Again, in the last-minute deliberate attempt to frustrate the opposition by the ruling party, the Electoral Act enacted violated the rights of those parties by instructing them to rewrite their constitutions by redefining the composition of the delegates to national primary elections. The parties should be able to exercise the right to organize their own house preparatory for all elections. All the draconian laws hurriedly put together were designed to make it harder for the opposition parties to prepare for elections; while the ruling waded through their own rank-and-file to select candidates instead of electing their presidential, senatorial, House of Representatives and governorship candidates. These are issues that the world can see but our Judiciary has failed to highlight.
In conclusion, our Judiciary cannot continue to undermine the people or rather the citizens as the legitimate sovereign.
The Judiciary as the third arm of government is given the power to interpret the law and sometimes make laws in the process. The Constitution ensured that the three arms of government are given powers of checks and balances in their assigned roles. However, our Judiciary continues to compromise its duties by dancing to the rhythm of pecuniary motivations to move away from the application of the rule of law and to ensure that the sanctity of our Judiciary is respected and preserved. Going this perfidious way, the Judiciary aids those derailing our democracy and undermining our Constitution through imposing an authoritarian regime. Until our Judiciary can cushion itself from corruptive politics, our freedoms will remain restricted and compromised while our nation’s democracy will remain in jeopardy.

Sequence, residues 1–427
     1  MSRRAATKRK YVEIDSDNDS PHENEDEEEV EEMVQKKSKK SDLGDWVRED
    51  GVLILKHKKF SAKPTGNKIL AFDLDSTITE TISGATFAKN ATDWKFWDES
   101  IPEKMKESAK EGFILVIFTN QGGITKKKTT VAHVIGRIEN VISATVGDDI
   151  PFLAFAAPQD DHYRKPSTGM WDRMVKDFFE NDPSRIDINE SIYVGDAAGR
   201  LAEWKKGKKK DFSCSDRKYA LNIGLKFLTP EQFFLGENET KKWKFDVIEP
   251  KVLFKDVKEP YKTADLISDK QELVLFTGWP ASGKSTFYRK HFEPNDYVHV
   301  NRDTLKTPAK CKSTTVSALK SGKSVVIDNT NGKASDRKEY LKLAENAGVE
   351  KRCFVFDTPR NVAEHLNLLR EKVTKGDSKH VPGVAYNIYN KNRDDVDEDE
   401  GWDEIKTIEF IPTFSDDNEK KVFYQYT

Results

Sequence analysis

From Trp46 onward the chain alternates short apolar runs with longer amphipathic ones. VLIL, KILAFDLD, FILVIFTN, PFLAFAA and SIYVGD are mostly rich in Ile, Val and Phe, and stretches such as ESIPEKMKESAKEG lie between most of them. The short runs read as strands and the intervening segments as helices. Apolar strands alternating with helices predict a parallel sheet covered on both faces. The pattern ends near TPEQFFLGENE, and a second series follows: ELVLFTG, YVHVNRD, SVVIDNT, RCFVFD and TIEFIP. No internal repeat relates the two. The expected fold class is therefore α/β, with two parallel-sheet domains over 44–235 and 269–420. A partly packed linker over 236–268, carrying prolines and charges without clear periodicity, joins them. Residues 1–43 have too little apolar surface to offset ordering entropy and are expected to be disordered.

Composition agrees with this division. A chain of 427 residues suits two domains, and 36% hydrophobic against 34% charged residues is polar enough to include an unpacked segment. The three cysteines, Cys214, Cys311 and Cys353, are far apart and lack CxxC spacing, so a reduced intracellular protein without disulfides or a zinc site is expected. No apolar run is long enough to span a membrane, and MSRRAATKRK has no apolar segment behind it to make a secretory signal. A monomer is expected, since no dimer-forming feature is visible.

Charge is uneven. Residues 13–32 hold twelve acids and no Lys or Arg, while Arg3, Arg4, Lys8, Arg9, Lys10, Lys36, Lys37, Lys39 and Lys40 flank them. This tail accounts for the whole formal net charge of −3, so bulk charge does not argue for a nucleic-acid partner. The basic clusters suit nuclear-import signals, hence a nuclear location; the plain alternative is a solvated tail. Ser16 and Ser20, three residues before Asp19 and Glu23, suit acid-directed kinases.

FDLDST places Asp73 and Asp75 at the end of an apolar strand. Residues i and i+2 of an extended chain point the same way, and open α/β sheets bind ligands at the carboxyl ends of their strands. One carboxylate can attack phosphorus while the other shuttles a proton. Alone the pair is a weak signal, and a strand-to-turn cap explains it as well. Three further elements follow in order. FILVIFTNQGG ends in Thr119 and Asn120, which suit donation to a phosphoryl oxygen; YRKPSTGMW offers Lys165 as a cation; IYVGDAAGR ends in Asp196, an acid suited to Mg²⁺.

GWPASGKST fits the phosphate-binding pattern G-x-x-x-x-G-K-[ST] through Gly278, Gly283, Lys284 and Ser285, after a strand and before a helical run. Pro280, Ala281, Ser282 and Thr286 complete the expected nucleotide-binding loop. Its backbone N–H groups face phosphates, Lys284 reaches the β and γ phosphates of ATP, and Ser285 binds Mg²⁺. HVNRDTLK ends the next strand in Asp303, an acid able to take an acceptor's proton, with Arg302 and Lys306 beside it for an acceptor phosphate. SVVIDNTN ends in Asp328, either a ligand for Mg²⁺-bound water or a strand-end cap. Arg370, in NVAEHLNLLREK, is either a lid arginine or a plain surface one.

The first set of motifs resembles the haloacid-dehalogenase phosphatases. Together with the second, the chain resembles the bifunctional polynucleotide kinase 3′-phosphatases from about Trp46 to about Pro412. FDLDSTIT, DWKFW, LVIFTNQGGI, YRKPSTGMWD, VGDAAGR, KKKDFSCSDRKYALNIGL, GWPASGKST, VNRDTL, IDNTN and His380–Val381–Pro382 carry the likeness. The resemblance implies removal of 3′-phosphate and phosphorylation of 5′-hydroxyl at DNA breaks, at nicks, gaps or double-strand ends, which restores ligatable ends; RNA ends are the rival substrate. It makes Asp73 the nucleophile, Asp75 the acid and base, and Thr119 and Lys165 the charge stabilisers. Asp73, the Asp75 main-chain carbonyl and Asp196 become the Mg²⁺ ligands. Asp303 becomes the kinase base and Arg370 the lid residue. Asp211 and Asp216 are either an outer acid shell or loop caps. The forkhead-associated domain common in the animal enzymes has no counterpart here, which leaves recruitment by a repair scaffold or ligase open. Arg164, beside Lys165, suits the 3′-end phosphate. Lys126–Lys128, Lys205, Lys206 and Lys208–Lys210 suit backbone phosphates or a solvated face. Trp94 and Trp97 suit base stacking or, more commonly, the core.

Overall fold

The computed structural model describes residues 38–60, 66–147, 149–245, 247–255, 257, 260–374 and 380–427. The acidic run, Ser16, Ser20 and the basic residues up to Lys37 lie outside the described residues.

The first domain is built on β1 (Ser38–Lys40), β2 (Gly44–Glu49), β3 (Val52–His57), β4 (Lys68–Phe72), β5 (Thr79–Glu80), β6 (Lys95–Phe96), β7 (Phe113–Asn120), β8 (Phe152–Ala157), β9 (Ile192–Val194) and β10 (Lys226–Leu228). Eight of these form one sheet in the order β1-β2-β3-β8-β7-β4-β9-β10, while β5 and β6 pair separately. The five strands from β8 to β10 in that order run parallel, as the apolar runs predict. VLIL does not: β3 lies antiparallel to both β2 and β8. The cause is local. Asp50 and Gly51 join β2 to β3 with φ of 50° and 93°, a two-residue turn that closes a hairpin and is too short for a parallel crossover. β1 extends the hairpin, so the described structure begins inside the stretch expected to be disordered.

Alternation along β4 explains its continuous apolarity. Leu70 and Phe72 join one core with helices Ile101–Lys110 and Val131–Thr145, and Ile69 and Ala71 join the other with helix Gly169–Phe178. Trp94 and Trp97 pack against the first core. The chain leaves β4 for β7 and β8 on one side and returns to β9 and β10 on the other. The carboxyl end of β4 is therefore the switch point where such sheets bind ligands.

DR ANTHONY PHILLIPS WRITES FROM LAGOS